Opening Day at Fenway Park will be exciting. But Game No. 2, when Sale is to make his Sox debut, should bring the most intrigue.

Chris Sale dominant again in Red Sox' win vs. Yankees

Chris Sale dominant again in Red Sox' win vs. Yankees

By Pat Bradley, CSN Staff

Chris Sale was treating this like a regular season game, and delivered an excellent, midseason performance.

The Boston Red Sox got a taste Tuesday of the star pitcher they acquired last offseason, when Sale dominated the New York Yankees in a 4-2 spring training road win in Tampa, Florida.

Sale, who entered the game having thrown 63 of his 68 spring pitches for strikes (92%), continued to show off his incredible command, throwing 58 of his 86 pitches for strikes (67%) in the victory.

The 27-year-old struck out five of the first six Yankees he faced, and finished with an even 10 strikeouts on the night. He’s now struck out 20 batters to just one walk this spring.

"Obviously, anybody who knows anything about sports knows about Boston and New York," Sale said, via The Providence Journal’s Tim Britton. "Coming in here, playing against the Yankees, playing at their park in a night game, it gives it more of a regular-season feel. That's what we're here for. Anytime you can get that much closer to a regular-season game, the better off we're going to be."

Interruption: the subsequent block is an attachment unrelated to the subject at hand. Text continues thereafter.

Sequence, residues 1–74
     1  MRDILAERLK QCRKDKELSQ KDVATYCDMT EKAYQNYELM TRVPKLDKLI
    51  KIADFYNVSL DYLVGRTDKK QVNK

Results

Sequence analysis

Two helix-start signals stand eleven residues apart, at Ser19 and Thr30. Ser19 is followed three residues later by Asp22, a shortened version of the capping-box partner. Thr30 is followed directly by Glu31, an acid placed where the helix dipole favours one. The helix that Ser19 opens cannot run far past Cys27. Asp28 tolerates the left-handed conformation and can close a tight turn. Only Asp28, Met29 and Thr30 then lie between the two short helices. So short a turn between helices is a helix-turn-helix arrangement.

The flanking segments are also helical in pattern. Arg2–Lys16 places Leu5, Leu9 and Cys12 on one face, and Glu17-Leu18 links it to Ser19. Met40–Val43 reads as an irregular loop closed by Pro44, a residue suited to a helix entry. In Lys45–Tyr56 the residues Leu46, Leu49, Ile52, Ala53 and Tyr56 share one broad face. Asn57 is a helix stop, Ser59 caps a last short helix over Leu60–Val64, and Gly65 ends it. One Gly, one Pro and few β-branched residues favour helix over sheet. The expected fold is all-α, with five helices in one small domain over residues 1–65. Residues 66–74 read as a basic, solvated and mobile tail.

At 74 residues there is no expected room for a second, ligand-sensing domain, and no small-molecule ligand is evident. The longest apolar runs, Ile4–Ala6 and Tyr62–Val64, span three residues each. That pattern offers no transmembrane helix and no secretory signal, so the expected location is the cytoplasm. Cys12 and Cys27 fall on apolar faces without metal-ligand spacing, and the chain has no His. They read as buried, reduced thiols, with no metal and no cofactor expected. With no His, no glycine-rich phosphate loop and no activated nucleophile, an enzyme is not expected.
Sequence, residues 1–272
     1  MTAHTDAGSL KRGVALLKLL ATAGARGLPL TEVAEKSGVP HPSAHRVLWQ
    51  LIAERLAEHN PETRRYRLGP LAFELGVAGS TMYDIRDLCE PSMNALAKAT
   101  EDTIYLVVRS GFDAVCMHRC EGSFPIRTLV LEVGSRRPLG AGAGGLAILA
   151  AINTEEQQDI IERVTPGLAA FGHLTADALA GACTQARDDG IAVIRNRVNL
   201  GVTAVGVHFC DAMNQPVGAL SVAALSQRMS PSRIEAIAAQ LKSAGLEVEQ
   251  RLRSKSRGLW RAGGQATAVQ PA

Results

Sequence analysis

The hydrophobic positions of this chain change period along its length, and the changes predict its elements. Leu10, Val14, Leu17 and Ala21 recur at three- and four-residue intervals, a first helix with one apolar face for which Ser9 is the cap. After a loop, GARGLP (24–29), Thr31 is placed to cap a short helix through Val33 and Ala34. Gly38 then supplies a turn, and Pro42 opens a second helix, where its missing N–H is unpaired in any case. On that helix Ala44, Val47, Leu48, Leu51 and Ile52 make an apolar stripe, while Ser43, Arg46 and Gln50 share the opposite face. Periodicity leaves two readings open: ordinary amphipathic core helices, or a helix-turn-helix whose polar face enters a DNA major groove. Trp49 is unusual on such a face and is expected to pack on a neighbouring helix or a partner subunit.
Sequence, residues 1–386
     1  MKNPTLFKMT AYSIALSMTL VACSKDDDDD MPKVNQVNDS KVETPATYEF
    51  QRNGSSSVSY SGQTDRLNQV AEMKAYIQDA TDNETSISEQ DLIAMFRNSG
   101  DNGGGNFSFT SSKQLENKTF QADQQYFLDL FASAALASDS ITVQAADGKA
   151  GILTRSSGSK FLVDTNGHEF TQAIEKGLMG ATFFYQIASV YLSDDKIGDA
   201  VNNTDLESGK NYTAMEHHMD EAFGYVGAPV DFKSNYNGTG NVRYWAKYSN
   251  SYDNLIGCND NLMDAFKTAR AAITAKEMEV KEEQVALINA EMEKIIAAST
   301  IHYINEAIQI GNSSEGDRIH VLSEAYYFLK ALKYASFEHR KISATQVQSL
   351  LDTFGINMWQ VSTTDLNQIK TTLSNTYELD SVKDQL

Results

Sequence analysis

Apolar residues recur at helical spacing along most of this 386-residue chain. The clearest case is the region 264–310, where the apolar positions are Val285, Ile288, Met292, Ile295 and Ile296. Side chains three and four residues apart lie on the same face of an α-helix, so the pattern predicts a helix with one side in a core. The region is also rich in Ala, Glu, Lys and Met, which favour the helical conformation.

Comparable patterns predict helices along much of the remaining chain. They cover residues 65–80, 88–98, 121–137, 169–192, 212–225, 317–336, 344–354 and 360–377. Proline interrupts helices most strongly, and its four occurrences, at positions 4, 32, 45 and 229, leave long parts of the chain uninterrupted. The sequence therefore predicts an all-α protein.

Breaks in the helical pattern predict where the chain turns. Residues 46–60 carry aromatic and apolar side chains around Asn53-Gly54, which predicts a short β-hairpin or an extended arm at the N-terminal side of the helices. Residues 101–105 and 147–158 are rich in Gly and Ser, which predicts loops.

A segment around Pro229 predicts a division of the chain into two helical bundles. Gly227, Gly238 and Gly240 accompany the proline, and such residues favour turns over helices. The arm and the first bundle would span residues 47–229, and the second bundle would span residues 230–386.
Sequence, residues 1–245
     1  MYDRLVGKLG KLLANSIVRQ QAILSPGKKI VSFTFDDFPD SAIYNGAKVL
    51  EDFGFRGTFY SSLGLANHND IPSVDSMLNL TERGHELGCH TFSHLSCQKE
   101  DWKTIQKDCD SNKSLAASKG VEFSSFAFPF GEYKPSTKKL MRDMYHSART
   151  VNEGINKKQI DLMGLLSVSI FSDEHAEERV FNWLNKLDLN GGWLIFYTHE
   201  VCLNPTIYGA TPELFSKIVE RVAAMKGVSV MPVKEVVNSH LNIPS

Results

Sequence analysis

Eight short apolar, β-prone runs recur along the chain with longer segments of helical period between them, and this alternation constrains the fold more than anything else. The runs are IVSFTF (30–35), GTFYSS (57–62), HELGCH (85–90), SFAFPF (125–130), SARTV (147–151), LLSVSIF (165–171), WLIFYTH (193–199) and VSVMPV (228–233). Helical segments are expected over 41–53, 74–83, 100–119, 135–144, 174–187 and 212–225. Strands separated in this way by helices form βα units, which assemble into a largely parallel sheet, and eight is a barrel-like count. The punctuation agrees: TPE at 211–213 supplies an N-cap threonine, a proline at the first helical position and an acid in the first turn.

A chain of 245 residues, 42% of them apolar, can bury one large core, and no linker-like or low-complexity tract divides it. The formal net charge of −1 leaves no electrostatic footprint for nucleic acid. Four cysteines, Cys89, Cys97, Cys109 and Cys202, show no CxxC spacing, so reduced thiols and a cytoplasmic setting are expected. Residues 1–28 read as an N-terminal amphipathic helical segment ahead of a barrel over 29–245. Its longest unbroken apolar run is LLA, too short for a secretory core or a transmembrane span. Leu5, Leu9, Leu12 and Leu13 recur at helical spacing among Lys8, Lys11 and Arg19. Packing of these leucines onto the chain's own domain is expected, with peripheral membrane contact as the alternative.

His single blemish came on a 2-2 pitch to Yankees designated hitter and noted masher Matt Holliday, who sent the ball sailing to the opposite field for a two-run home run that at the time tied the score at 2.

Sale quickly regrouped, lining out Chris Carter to left field on his very next pitch to end his outing. His final line: two runs on four hits with 10 strikeouts and a hit batsman in six innings on 86 pitches.

That’s quite a debut to the rivalry, and something the Red Sox are well aware could become a regular thing.

“I don't want to say tonight is the norm,” began Red Sox manager John Farrell, via The Providence Journal, “but certainly he is very capable of doing that every time he walks to the mound.”

Sale wasn’t the only one strutting his stuff on Tuesday, though. Youngsters Marco Hernandez and Sam Travis continued to hit and were pivotal parts of a Red Sox offense that pounded out 13 hits.

After Mike Miller opened the scoring with a solo homer for Boston in the third inning, Travis kept things rolling a few batters later when his base hit scored Hernandez.

Travis was back at it again in the seventh inning, when his groundout scored Heiker Meneses for what proved to be the game-winning run.

Hernandez and Travis each finished 2-for-4, with Hernandez tripling (his fifth of the spring) and scoring a run and Travis driving in two runs of his own. They raised their spring averages to .422 and .351, respectively.

Every member of the starting lineup -- which did not feature regulars Mookie Betts, Dustin Pedroia, Hanley Ramirez, Pablo Sandoval or Xander Bogaerts -- recorded at least one hit, save for Jackie Bradley Jr., who went 0-for-3 with a walk and two strikeouts out of the cleanup spot.

Boston is back in action Thursday with a 1:05 p.m. start against the Pittsburgh Pirates.